How do you make decisions in your business? If you are basing decision making on beliefs founded on limited personal experience, limited group experience or third hand experiences you are missing the real opportunity to learn from the people who have the answers, your customers.
Harry Gordon Selfridge, the founder of Selfridge’s department store in London is reported as having coined the phrase, ‘The customer is always right’ in 1909. It is often wheeled out when trying to convince hard done by employees of one thing or another. It is often misunderstood and misused however, which causes all sorts of problems. My suspicion is that Harry simplified to aid wider understanding. If you use the phrase to refer to customers in the plural rather than the individual it makes sense. In fact it is as important and useful as it is famous and lasting. It succinctly captures the idea of market orientation.
Accidents happen and we can’t do anything to stop them. We live in a chaotic world. The best we can do is aim to limit their occurrence and severity. Where running a business is concerned this becomes an even more pressing concern as we try to remain profitable over the long term. If we can manage the risk of an accident in any part of our business then we generally do. We wouldn’t accidentally manage our financial accounts, or accidentally complete our CD register. We wouldn’t leave it to chance.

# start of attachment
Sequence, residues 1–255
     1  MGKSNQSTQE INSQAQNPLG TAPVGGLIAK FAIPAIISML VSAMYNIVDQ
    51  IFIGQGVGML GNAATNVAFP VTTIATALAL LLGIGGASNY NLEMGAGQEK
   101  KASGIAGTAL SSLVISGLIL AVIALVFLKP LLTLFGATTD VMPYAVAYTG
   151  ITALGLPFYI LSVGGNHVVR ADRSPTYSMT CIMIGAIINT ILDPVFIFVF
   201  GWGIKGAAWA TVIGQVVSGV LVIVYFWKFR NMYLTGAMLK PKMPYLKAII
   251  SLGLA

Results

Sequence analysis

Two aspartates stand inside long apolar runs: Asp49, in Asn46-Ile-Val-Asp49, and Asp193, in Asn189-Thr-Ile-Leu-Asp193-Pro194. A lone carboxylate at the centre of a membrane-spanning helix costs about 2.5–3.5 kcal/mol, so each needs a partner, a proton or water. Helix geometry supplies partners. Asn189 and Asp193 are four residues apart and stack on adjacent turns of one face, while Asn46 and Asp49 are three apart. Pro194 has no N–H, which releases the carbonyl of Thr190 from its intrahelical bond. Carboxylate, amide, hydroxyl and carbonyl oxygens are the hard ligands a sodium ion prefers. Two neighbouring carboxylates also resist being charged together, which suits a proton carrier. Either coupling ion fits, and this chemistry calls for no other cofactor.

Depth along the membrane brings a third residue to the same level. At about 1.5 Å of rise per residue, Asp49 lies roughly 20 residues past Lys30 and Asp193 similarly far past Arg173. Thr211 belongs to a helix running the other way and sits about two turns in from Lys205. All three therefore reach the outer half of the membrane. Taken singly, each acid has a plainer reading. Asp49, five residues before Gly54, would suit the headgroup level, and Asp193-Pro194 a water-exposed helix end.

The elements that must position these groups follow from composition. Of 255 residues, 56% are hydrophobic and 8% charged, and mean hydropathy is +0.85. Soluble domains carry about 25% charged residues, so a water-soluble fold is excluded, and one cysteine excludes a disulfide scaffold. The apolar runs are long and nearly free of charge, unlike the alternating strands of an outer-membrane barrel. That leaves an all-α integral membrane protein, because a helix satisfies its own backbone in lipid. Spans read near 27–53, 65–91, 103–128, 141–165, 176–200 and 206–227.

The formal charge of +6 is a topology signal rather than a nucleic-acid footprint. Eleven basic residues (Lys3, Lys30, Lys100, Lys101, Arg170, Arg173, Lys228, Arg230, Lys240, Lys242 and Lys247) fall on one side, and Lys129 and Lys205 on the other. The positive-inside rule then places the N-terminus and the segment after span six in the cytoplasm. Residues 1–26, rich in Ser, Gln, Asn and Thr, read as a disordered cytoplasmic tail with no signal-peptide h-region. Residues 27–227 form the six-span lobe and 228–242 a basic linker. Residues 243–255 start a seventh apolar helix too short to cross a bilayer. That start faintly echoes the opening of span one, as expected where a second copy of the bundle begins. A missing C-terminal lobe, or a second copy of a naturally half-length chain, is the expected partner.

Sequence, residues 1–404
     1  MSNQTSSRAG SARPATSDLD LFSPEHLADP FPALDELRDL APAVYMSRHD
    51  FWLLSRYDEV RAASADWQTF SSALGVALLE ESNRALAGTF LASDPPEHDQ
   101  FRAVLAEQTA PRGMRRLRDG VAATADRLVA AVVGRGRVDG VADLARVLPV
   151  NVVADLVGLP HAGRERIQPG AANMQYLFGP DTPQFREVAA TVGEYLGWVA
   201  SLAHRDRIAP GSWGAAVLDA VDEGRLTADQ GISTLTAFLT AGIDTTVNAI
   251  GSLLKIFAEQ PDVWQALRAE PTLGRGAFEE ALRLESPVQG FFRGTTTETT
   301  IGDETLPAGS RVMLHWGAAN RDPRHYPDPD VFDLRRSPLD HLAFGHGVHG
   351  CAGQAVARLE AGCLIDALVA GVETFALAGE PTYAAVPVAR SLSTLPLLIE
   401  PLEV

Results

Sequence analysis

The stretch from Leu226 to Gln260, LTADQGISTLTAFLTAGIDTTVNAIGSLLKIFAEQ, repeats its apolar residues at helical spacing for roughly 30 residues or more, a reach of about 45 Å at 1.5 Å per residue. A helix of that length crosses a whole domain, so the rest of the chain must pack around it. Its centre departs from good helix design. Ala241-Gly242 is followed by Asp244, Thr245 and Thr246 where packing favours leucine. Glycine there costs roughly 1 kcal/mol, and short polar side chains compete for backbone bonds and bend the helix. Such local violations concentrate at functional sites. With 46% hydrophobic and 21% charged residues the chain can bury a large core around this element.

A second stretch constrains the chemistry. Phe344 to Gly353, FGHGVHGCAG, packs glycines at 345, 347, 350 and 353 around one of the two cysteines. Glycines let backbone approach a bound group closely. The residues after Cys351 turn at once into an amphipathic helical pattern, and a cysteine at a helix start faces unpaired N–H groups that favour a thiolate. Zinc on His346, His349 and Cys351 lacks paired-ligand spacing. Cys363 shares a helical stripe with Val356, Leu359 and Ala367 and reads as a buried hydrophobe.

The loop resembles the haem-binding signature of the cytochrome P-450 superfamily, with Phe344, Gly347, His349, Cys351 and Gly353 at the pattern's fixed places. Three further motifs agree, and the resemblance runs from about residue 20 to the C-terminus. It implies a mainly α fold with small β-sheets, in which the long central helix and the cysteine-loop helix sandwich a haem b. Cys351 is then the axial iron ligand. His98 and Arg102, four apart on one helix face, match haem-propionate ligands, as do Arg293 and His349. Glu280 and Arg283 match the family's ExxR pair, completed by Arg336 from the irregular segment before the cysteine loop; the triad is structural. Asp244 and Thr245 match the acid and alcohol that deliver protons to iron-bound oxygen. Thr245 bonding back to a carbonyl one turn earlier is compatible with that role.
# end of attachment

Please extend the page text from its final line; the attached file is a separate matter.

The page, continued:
When you have experienced the joy that developing a robust, evidence based marketing strategy bring and you are clear on why, what and who, it is time to work on the when and where and how. Marketing planning is an important step towards implementing your marketing strategy, bringing it to life and reaping the benefits. Many of the tough decisions will have been made when developing your strategy but there are still some important ones to make when planning.
In 2009, most of the 945 state-owned pharmacies in Sweden were sold to private owners who quickly rebranded their estates in order to find a way to attract customers. Their services were all identical so branding was the only meaningful way for them to carve out a share of the market. Pharmacy branding builds value and resilience which in the light of another larger than expected hit to UK pharmacy remuneration makes it one of the best ways to respond. While there are numerous options for pharmacy contractors who are thinking about ways to survive and thrive, investing in your brand has some important advantages.